Confessions of an Entrepreneur: Why You Should Have Outside Directors Now
March 4, 2020 | By Mark Zweig
The typical privately-held business has a board of directors made up entirely of insiders who work in the business. One thing that any company of any age, size, or type can do to help make them more successful is to either add outside directors to their board or add outside advisory (non-voting) board members to their board.
I will admit that even in my own businesses I wasn’t always in favor of it. Was I afraid of what these people would learn about my firm or about my capabilities as a leader? Maybe. Or perhaps I just didn’t want to take the time to go through the trouble of educating them on the particulars of our business. Either way, I was wrong. It’s crazy not to do this.
Of course, who you pick for an outside board member or adviser is critical. Diversity is one consideration. I find that adding younger people, minorities and women to boards made up entirely of white males over 50 can be essential and improves creativity and accountability. I admit to a predilection for finding people who have been at the top of other businesses in the same industry or who have served at high levels in client or customer organizations. In some industries, having a former or retired regulator can be incredibly helpful. One person I don’t usually recommend as an outside director or adviser is the firm’s usual outside accountant or attorney. You already have the input of these people through their paid service arrangements and they may not be honest with you.
Here are some benefits of adding these outsiders:
- They provide a truthful evaluation of what is happening in the business. Most outside board members or advisers don’t need the job. They can tell the emperor that he or she “has no clothes” if necessary when other people who are also employees of the business will not be willing to do so.
- They provide a pool of potential mentors for the CEO. It’s lonely at the top. Many CEOs and company founders have no one to talk to who understands what they are going through. The right outside director(s) will be able to help by providing a “go-to” resource for help with nearly any issue the top person is dealing with.
- They can potentially provide access to outside sources of capital. Because these outsiders probably know a lot of other successful people, they may have sources for money that could be crucial for the business.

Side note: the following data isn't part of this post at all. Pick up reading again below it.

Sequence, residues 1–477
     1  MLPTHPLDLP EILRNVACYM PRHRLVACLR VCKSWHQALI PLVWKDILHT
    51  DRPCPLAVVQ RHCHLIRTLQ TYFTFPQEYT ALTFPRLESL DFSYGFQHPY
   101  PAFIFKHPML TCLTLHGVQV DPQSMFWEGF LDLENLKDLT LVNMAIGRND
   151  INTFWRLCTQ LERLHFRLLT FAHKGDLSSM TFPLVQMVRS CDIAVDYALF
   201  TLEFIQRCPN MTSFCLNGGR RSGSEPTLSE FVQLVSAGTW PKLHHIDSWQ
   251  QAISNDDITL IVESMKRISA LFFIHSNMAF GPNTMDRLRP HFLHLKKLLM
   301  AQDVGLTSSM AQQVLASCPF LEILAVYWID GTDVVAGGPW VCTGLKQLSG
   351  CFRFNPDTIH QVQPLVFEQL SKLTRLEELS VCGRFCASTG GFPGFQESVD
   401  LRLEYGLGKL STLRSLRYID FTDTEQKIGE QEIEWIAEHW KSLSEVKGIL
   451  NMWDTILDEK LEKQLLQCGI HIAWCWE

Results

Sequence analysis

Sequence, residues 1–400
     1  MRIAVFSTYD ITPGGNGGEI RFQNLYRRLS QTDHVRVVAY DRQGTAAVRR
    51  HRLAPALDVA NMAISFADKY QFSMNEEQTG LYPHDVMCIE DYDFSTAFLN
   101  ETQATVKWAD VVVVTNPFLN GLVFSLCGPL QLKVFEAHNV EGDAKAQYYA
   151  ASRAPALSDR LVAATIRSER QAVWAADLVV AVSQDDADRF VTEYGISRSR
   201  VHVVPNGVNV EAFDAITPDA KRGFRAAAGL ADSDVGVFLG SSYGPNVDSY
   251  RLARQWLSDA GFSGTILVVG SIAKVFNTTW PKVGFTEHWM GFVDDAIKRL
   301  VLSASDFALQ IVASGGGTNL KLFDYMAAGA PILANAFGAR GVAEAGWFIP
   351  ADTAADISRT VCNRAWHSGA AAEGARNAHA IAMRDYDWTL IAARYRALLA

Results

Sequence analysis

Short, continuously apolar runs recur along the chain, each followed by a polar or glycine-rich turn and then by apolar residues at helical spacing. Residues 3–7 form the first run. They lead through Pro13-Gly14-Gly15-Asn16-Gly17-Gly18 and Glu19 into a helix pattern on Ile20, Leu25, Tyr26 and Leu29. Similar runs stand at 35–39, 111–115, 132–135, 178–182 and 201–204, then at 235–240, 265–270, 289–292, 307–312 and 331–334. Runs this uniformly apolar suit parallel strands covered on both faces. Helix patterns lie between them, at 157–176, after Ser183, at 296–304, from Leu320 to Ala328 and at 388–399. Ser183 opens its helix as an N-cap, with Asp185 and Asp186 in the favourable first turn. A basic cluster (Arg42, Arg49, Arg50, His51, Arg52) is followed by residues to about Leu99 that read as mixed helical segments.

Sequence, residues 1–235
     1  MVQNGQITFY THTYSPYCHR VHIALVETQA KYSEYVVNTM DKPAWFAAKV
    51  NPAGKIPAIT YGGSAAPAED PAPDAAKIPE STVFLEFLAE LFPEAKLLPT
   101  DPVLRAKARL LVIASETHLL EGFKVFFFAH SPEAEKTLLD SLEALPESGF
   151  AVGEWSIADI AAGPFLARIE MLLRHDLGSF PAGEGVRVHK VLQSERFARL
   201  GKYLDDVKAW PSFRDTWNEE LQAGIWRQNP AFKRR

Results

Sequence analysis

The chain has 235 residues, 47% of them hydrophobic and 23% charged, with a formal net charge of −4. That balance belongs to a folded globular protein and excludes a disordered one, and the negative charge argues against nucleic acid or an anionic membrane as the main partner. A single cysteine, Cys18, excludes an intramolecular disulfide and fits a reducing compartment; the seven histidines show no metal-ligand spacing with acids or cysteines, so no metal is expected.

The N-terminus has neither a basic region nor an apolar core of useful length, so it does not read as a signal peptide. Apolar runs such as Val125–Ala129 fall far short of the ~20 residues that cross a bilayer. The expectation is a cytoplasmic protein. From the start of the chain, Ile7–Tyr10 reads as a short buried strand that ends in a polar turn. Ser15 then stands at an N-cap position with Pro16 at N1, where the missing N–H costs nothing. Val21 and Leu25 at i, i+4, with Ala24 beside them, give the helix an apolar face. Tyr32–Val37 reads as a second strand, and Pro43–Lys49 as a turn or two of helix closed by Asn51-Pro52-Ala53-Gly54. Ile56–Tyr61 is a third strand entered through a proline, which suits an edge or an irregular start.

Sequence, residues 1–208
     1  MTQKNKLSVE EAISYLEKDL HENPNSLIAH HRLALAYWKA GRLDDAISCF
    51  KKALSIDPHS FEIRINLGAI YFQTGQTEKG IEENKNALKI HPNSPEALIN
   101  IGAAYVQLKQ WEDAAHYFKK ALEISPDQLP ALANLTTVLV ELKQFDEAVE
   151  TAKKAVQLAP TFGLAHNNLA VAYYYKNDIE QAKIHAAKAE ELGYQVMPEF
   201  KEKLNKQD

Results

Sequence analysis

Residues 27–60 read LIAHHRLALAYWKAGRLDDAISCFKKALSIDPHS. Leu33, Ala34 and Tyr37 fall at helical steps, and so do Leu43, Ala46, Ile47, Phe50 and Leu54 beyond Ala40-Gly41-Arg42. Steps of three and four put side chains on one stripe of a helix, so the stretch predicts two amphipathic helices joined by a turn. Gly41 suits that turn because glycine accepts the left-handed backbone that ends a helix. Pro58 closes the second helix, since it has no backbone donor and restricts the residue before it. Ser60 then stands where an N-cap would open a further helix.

- They bring a lot of knowledge and experience to the business. They have been there before. They have been through crises and survived. They have grown businesses. They have bought and sold businesses. They have been through management transitions. All of this and more can be invaluable to you when dealing with these situations for the first time.
- They expand the marketing and selling network. Coming from the architecture, engineering and construction industry, I can recall specific experiences where outside directors had contacts that greatly helped businesses whose boards I was on get new clients or projects. In several cases, we never would have secured the contract – in some cases for millions of dollars – without the help of the outside director.
What should you pay these outside directors or advisers? I can only tell you about my own experience. When I served in this role, I was paid between $20K and $100K annually, plus travel expenses. In one case, I took my entire compensation in stock. In other cases, I put in some cash to buy stock at a discount. In another case, I was given stock on top of my board fee. In other cases, I never had any ownership.
I do know that there are some good people who will serve for free, or for $1000 a meeting, to help get a new business off the ground, or where they have a special personal relationship with one or more of the business founders.
No matter what you pay, it will be a lot less than what it would cost you to hire one of these people full-time, even if you could. I have served on boards alongside many retired CEOs of larger companies, chairpersons of publicly-traded companies, and entrepreneurs who were very, very successful, but who were yet willing to give back some of their valuable time to help other people become more successful.
I certainly know in my case, a big part of how well it works out for me is the chemistry with the other board members and the firm’s top management. If I don’t feel stimulated by my involvement with those people, I won’t waste my time on their board no matter what I get paid. I have been on boards where every meeting left me feeling deflated and depleted of energy. In every one of these cases, the company would not do what I thought was necessary to turn their situation around or become more successful, so I withdrew my nomination for another term or resigned. The lesson here is to pick the right outside members in the first place and to be willing to listen to and act (at least sometimes) on their suggestions if you want to keep their interest and enthusiasm.